Two of my favorite children’s books by Max Lucado, You Are Special [1] and If Only I Had A Green Nose[2], help to illustrate the relationship between the world’s ideas of beauty versus our Creator’s.  The main character, a simple minded Wemmick cares too much about what others think of him and of keeping up with the latest fashions.  After some time, he realizes how unhappy he is with himself and with the system, until he meets his creator.  The creator assures him that the approval of others only matters when you “let” it.  He tells the Wemmick, “The more you trust my love, the less you care,” about what they think of you.  He continues, “I’ll always help you be who I made you to be, but it’s going to take some time.” We are special and beautiful to our Creator because He made us.  It is that simple.

Sometimes our thoughts of ourselves, or what we believe others are thinking of us, can betray us.

You keep listening to those who seem to reject you . . . They do not say that you are bad, ugly, or despicable.  They say only that you are asking for something they cannot give . . . The sadness is that you perceive their necessary withdrawal as a rejection of you instead of as a call to return home and discover there your true belovedness.[3]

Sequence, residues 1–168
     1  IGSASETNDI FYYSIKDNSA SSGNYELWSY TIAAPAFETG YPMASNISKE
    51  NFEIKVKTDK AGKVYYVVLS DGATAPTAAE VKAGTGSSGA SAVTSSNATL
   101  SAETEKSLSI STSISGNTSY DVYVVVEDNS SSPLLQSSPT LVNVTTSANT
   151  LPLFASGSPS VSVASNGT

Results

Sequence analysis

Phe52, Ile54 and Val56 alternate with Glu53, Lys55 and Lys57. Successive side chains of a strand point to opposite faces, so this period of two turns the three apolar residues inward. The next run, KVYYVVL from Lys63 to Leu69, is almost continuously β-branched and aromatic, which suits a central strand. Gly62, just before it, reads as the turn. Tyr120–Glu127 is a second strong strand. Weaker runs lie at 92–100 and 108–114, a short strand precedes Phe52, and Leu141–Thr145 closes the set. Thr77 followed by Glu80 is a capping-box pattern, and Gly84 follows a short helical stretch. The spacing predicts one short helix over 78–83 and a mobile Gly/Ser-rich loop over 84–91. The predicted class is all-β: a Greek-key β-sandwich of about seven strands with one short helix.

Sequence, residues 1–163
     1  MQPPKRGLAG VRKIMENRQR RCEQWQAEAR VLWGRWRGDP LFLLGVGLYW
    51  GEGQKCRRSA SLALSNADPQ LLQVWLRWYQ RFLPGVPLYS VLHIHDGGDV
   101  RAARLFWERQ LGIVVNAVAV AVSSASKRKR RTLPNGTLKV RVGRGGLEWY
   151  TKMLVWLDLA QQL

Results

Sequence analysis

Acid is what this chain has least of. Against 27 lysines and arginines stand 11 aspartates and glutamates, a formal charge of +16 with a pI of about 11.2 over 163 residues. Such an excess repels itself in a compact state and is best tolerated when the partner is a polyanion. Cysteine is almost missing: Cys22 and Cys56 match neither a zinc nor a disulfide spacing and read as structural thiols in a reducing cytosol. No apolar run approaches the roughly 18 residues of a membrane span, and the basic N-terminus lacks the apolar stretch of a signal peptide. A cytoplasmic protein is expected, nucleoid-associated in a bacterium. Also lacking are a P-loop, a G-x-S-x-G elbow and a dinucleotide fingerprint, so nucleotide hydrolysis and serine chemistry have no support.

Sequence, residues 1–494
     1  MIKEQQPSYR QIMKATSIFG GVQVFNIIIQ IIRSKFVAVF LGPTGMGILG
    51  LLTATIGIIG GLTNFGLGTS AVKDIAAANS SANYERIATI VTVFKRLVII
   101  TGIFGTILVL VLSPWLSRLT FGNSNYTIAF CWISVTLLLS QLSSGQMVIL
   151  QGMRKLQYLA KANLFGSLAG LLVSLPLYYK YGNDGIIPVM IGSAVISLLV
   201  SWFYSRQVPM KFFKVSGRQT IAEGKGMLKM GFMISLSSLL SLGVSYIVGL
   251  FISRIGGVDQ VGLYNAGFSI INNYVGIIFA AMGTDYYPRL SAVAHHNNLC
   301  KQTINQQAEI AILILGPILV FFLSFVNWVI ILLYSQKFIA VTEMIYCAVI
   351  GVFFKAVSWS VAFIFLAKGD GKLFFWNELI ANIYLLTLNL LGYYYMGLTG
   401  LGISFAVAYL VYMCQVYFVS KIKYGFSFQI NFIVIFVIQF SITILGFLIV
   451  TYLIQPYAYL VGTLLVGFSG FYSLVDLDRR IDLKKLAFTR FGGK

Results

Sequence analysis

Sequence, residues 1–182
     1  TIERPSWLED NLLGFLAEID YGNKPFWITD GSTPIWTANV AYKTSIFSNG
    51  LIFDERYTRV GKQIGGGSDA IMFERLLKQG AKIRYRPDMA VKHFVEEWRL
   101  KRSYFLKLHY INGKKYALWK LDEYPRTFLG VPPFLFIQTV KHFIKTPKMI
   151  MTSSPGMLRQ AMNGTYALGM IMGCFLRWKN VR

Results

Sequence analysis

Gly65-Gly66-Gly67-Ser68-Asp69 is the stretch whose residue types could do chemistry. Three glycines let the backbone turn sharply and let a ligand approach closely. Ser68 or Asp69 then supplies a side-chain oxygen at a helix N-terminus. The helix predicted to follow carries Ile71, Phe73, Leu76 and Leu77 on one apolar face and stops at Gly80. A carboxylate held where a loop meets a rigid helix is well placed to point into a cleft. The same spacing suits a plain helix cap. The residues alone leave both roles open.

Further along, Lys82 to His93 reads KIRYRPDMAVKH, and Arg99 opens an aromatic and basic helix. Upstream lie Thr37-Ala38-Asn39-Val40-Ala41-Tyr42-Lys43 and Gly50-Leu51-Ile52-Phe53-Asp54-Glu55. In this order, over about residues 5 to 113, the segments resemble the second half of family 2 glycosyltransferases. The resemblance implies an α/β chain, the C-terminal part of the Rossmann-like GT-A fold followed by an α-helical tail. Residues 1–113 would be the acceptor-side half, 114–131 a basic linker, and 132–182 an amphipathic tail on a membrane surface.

It is only in Christ that we are able to find our true beauty.  In Him we realize true beauty is not physical and it does not come from the acceptance others may or may not give.  It goes much deeper.  It is spiritual.

ii. What True Beauty Is

But let it be the hidden man of the heart, in the incorruptible apparel of a meek and quiet spirit, which is in the sight of God of great price (1 Peter iii.4).

When we are able to return home to Christ and accept that He calls us His beloved, then we are capable of moving toward true beauty.  True beauty in this passage is, “the hidden man of the heart, . . . a meek and quiet spirit.”

I find it interesting that the only self-description Christ ever used of Himself as recorded in the Gospels is found in the two words “meek” and “lowly” (Matthew xi.29). We are going to focus on the word “meek.”  How did Christ display the characteristic of meekness?  What does it mean for us to be meek toward God and others?